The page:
“So much of what I’ve been doing for the past two years is just educating the people in the company on the different things that they need to do, as most staff joined the company after the ideation stage.”

From guiding her team on delivering pitch decks to scheduling important tasks, Adeyeri has learnt a great deal about leadership and collaboration as CEO.

“Being a CEO really requires that you hold your own self accontable,” said Adeyeri. “You have to set deadlines and stick to it because if you’re off track, the whole company is off track. You also need to ensure that everybody is actually enjoying and invested in what they’re doing, especially as progress in a startup can be slow sometimes.”

Ultimately, Adeyeri believes that it all boils down to how effectively the skillsets of various team members can be leveraged.  

“The first thing that I ask people when they join is what team do you want to be in and what kind of skills do you have, right? As CEO, you’re trying to figure out where students naturally fit the most. To that extent, we have various teams in fields such as curriculum development, programming, design, and research.”

Adeyeri hopes that Type Along continues to progress, and she believes her team is on to something.

“It [Type Along] is definitely different from a lot of the other companies that are working in the same industry in the sense that there is a student perspective. We’re trying to make reading fun by creating a typing game, and I think that’s something unique regarding our product.”

As for her own plans, Adeyeri hopes to pursue computer science and entrepreneurship in college, and she hopes to work in the edtech industry.

“I really do intend to continue pursuing entrepreneurship, and while I plan to grow Type Along, I have so many other ideas for problems within education that I’m interested in tackling. I’m only 18…so there’s so much that I still need to learn.”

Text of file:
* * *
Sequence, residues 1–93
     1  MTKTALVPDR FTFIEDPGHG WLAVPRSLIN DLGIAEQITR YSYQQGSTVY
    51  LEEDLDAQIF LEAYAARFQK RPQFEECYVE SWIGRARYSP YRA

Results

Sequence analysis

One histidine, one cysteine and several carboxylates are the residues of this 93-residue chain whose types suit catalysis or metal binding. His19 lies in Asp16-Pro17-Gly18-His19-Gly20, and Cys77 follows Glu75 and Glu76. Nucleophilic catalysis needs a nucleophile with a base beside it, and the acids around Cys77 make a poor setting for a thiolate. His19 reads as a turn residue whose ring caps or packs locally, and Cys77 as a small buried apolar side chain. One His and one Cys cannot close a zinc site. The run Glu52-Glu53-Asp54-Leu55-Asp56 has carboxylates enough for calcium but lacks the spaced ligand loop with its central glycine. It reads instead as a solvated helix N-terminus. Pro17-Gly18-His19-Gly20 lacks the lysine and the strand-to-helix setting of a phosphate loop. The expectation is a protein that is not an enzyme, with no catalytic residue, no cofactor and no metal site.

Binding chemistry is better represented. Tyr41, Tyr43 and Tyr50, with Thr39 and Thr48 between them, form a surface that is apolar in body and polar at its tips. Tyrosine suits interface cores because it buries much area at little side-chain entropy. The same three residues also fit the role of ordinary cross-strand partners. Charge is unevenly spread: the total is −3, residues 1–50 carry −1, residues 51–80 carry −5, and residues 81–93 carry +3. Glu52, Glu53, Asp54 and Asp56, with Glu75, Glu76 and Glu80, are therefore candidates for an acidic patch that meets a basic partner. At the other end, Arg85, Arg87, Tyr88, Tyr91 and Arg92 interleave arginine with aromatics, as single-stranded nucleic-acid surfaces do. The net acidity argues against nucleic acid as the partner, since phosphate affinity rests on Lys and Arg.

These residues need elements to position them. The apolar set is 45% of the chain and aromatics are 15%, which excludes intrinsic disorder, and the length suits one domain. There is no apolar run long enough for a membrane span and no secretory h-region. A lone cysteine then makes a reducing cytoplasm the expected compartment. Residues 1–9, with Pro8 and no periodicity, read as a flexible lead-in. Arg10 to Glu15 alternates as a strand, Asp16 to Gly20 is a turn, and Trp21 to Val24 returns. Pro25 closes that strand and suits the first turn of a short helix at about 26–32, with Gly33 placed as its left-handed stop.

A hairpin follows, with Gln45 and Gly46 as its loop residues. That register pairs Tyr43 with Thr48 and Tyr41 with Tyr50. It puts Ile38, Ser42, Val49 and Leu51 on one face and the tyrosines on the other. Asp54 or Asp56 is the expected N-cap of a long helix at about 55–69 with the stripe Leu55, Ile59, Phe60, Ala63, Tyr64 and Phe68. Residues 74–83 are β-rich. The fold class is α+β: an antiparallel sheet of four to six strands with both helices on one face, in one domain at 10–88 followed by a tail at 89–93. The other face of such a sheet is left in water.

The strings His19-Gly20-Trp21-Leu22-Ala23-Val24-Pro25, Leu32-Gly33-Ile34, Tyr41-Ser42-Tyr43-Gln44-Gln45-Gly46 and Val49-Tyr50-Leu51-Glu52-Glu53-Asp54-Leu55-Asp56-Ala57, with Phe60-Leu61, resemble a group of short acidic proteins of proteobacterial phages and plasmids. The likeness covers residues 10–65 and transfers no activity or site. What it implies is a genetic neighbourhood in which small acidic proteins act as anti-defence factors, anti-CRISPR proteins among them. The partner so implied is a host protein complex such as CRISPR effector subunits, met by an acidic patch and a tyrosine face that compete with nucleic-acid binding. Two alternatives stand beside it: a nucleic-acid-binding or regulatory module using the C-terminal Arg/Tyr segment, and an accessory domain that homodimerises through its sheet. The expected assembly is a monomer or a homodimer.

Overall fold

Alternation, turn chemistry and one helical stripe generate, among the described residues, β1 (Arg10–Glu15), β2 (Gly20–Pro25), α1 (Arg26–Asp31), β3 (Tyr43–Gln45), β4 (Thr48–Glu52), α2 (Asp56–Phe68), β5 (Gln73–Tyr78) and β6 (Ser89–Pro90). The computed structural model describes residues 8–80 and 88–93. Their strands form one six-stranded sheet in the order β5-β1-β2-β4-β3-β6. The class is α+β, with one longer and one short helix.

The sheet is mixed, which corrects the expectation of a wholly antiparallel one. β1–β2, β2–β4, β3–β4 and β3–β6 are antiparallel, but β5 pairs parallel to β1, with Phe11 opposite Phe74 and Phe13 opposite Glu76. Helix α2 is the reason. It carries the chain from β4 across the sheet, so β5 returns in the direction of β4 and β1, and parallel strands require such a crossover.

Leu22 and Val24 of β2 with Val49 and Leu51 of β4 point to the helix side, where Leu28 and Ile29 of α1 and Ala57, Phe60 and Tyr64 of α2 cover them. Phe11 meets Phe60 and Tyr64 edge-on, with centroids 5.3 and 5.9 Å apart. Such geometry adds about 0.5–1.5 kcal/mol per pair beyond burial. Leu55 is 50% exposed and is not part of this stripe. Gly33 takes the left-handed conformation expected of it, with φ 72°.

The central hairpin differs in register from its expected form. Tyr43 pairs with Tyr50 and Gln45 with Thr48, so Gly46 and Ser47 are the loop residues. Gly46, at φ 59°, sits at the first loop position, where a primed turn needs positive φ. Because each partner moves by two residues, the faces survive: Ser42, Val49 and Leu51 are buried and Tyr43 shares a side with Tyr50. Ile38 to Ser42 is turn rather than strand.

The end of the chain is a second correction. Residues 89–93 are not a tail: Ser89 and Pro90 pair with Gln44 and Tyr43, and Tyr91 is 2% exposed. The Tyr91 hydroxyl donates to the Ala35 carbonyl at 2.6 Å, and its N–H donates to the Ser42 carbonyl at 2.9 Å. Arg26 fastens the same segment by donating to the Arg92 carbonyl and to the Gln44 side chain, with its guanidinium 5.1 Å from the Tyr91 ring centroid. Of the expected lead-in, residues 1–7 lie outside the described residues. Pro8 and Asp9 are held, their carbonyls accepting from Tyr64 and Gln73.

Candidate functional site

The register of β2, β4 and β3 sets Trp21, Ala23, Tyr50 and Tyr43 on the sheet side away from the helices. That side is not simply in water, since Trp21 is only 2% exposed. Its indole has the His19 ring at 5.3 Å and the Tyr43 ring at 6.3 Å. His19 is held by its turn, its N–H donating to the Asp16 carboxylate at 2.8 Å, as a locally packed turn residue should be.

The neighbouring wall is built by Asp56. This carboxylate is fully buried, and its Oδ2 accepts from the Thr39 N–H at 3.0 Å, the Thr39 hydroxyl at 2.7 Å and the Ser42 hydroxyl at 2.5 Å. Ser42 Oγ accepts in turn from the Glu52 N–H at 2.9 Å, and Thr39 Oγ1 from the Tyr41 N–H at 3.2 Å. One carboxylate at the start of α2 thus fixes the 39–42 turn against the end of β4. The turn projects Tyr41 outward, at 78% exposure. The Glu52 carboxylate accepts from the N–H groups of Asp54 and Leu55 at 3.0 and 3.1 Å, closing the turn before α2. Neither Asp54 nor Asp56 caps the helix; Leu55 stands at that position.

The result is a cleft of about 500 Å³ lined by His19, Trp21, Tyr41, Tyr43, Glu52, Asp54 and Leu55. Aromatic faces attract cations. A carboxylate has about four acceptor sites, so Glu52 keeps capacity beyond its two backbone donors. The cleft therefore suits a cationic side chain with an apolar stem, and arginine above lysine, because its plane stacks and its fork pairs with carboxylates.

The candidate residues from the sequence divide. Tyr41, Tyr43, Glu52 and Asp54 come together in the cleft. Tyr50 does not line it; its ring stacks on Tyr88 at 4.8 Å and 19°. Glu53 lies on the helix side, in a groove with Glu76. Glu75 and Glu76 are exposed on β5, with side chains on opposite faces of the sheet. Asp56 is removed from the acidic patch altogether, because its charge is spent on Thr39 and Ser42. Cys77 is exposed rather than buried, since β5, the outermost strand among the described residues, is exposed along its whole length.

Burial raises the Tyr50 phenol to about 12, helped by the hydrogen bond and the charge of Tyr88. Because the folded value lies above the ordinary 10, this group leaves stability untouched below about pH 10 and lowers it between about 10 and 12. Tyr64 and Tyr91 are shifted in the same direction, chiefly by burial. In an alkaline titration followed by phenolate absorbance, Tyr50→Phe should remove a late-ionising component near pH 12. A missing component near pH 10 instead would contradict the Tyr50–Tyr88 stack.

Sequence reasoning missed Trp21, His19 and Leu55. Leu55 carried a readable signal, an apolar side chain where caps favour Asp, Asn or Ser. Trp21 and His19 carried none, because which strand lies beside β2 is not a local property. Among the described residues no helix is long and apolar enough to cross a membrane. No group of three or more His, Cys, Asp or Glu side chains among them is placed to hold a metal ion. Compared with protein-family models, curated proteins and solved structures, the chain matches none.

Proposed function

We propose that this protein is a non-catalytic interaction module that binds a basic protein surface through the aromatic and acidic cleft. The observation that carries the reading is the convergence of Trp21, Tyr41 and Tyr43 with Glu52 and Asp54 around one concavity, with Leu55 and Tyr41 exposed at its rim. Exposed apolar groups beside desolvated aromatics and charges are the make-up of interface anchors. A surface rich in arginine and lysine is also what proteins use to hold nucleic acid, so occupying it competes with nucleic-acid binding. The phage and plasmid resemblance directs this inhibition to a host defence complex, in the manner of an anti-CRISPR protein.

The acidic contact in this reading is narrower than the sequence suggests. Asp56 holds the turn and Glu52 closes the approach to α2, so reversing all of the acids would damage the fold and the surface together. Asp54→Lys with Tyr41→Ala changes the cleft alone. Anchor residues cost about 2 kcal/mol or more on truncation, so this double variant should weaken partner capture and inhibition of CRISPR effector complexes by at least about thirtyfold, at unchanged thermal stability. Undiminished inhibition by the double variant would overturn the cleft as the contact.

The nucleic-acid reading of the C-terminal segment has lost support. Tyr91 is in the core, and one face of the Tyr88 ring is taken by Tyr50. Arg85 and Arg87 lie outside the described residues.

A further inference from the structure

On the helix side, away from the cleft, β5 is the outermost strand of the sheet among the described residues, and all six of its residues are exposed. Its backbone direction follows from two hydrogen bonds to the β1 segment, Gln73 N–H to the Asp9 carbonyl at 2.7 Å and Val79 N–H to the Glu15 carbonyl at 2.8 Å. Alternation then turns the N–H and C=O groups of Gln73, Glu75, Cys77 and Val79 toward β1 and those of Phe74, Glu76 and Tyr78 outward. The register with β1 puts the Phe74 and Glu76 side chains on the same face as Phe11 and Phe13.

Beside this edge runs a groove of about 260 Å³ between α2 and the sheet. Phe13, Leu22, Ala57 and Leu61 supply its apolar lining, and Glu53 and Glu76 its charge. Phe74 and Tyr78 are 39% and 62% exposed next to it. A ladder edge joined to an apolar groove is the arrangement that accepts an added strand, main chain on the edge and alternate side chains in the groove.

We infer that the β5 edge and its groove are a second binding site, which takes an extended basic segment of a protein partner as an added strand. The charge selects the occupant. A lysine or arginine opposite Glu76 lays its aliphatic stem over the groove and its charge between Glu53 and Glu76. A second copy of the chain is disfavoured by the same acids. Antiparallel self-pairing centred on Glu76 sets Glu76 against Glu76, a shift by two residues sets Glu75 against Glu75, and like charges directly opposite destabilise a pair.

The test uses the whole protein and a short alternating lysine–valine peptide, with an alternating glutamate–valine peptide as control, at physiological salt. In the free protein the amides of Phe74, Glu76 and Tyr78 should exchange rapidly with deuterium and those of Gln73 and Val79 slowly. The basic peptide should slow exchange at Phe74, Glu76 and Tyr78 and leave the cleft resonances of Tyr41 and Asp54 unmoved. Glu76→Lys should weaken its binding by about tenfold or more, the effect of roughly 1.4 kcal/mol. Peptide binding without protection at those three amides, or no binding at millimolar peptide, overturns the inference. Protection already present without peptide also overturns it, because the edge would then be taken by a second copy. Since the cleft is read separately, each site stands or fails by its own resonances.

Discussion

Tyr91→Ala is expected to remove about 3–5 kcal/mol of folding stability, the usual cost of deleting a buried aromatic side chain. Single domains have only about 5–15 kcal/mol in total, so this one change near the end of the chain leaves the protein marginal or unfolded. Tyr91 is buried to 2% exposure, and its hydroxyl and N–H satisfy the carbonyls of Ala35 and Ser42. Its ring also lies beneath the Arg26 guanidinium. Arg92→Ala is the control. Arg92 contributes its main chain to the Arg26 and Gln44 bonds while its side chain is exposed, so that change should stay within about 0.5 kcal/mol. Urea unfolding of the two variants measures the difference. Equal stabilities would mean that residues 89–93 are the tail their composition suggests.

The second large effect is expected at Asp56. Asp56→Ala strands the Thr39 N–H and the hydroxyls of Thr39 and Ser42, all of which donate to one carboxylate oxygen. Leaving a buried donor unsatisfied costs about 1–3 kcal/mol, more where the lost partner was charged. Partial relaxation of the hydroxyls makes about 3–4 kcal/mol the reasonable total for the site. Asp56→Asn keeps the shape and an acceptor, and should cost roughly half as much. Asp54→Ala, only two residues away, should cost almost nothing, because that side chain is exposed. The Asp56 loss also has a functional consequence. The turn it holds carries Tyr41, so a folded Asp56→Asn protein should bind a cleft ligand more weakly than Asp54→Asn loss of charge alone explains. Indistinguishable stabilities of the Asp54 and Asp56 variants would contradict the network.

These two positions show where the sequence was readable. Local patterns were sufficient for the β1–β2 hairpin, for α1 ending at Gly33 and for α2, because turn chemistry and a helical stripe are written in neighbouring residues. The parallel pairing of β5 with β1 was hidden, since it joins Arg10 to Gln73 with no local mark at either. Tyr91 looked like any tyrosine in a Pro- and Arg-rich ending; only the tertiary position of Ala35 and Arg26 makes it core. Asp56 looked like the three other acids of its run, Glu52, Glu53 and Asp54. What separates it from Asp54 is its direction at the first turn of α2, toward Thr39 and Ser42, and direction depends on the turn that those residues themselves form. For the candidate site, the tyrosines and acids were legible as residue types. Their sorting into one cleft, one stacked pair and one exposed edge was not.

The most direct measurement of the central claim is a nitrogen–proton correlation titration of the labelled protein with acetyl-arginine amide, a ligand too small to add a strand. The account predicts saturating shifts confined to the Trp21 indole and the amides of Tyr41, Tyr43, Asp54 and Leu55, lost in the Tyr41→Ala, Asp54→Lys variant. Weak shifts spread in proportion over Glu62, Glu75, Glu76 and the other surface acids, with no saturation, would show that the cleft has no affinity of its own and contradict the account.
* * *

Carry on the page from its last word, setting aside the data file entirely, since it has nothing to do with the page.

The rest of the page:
Finally, Adeyeri hopes to inspire other student entrepreneurs to tackle social issues that they feel passionate about. 

“If you’re interested in learning about entrepreneurship, definitely join the Business and Entrepreneurship Club. But other than that, focus on choosing a problem that is close to home and see how you can address it. Listen and learn from successful entrepreneurs, and be ready to fail and make mistakes. Try to connect with like-minded individuals and most importantly, don’t be afraid to ask for help.”

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About the Contributor
Siddharth Dasari, Staff Writer
Siddharth Dasari is a junior at CVHS. An aspiring diplomat, he is fascinated in learning about the world around him and meeting various global leaders through the World Affairs Club. In addition to his interest in international relations, he also loves to run, bike, and travel. Siddharth is excited to write about his community and provide a fresh perspective to Upstream News.